Frequently Asked Questions
What is the Saul Zaentz Early Education Initiative?
The Saul Zaentz Early Education Initiative is a long-term, multi-faceted project at the Harvard Graduate School of Education (HGSE) that promotes the knowledge, professional learning, and collective action necessary to cultivate optimal early learning environments and experiences. The Zaentz Initiative, co-directed by HGSE faculty Drs. Stephanie Jones and Nonie Lesaux, envisions a nation where all early education leaders have the knowledge and strategies they need to provide children and their colleagues with strong, supportive learning environments. The Initiative consists of three core components: (1) the Early Learning Study at Harvard, a population-based study seeking to understand what works in a diverse range of early childhood settings; (2) a Professional Learning Academy to support the development of early education leaders from across our mixed-delivery system, and (3) a Fellows Program to build a new pipeline of leaders in the field.
Why is the Zaentz Initiative hosting this Challenge?
The Saul Zaentz Early Education Initiative seeks to connect innovators and entrepreneurs and seed the field of early education and care with fresh thinking and strategic approaches that drive sustainable, transformative change.
What is the timeline for the Challenge?
May 22nd, 2019 - Online application launched
Summer 2019 (date TBD)- Optional informational webinar
August 30th, 2019 (11:59 PM EST) - Online application deadline
September 2019 - Finalists announced
October 15, 2019 - Finalist pitches at HGSE
Who can apply?
We encourage anyone or any organization with an idea, prototype, product and/or service to apply. Applicants can include individuals or teams of up to five from more than one organization. We do not have any preference for the type of applicant or proposal.
Can individuals apply without being part of a team?
Yes, the Challenge is open to both individuals and teams (made up of no more than five individuals). All applicants must be at least 18 years of age at the time of entry.
Do I need to list all members of my team?
If your group includes people from multiple organizations, please list everyone in the application. If you are applying as part of a single entity or organization (e.g., a school district, corporation, state agency), please note that in the contact information and include only one point-person.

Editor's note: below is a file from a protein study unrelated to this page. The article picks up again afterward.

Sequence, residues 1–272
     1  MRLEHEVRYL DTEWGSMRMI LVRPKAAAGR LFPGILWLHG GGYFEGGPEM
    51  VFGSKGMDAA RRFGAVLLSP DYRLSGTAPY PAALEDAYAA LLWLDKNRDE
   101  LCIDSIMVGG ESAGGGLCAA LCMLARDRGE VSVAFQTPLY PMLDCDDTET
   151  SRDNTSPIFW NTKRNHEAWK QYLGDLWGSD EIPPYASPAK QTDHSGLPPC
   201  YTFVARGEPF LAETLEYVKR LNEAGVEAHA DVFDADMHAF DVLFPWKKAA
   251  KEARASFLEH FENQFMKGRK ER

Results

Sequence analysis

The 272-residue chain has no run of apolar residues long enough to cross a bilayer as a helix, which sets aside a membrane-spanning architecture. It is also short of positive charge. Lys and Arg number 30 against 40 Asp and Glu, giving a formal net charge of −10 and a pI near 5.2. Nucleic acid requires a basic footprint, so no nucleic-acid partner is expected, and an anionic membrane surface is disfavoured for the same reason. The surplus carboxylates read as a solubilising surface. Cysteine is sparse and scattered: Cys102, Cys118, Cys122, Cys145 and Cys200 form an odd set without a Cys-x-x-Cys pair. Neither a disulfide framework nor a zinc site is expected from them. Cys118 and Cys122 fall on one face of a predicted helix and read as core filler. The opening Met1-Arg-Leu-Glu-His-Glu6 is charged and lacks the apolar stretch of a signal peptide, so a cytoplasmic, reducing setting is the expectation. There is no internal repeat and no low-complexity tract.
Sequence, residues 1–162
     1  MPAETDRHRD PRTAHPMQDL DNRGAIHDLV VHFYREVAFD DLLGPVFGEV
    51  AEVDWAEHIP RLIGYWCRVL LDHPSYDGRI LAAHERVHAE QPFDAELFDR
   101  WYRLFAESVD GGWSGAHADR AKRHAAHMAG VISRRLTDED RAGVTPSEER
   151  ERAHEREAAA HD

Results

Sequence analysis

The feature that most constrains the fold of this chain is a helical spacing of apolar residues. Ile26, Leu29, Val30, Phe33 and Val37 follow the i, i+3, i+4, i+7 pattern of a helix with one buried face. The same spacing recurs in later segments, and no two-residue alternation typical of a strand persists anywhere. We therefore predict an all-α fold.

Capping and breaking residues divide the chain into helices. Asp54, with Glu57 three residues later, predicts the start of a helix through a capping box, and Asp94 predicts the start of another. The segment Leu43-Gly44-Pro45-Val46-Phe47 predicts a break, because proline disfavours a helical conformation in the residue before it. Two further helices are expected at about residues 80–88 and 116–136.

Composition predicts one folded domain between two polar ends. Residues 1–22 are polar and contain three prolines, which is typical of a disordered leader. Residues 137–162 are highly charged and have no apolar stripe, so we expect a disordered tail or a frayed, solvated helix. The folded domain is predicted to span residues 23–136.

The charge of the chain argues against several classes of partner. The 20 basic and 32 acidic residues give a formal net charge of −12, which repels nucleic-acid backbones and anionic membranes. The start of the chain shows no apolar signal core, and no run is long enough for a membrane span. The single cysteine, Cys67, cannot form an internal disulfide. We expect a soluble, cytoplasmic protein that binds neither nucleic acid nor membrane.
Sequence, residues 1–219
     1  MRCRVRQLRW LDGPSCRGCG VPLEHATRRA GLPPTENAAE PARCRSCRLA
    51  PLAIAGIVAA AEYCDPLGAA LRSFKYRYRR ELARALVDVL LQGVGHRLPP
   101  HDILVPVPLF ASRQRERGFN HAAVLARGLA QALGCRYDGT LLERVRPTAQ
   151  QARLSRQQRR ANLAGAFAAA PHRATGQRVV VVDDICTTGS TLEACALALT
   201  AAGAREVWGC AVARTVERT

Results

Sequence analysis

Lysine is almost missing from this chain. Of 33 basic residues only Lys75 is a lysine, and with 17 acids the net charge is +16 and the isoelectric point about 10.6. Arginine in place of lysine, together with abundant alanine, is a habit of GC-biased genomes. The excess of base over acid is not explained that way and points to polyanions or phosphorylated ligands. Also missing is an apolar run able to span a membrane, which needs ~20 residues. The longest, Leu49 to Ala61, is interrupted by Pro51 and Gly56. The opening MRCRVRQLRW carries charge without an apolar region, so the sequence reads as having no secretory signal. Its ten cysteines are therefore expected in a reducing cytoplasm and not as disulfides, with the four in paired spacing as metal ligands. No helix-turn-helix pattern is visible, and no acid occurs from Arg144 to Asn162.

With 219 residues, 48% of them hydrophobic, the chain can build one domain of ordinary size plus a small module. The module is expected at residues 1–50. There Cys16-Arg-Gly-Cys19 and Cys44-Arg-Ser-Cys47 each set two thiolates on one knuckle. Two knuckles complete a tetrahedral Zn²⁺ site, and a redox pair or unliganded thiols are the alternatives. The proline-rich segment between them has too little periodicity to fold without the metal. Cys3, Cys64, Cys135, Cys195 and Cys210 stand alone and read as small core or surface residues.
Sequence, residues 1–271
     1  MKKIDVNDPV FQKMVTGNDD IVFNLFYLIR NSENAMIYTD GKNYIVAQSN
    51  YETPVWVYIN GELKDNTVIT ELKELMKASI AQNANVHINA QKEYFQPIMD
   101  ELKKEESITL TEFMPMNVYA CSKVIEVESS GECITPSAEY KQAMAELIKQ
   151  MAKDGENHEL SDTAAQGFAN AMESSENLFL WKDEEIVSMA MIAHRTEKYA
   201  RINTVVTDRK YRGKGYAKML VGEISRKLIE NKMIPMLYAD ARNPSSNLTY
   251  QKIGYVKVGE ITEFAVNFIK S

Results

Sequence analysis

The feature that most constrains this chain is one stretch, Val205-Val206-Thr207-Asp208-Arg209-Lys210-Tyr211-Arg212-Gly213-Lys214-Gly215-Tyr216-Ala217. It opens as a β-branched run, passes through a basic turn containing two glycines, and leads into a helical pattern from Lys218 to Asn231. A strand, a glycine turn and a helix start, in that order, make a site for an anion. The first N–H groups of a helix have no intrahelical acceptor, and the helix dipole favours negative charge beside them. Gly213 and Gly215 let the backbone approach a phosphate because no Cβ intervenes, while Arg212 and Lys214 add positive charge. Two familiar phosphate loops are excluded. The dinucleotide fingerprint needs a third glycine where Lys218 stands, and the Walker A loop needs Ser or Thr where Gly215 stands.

Do I need to be affiliated with HGSE or Harvard to enter?
No! Applicants from all backgrounds and organizations are welcome to apply, and you do not need to be affiliated with HGSE or Harvard. The ideal Challenge applicant has some knowledge of and/or experience in early education and is eager to think beyond traditional systems and solutions.
What types of ideas or approaches are you looking for?
We anticipate that many proposals will focus on new organizations or initiatives, new school or program models, new curricula or assessments, and new tech tools, but we encourage creative thinking and we look forward to being surprised by new ideas and concepts!
In addition to taking different forms, Challenge submissions may target short-term and long-term change at multiple levels of the early education system, including the home, classroom, program and networks, and/or policy, but all proposals should have the potential to be scaled to have a system-level impact in the future. We have provided several possible solution themes, including (but not limited to):
- Workforce development
- Professional communities of practice
- Planning and instruction
- Authentic assessment
- Classroom environment and materials
- Trauma-informed practice
- Parent and family engagement
- Community engagement and wraparound services
- Other: Think outside the box!
How does the Zaentz Initiative define “early education”?
We generally define “early education” as ranging from birth to age five, but we are open to different interpretations of the term.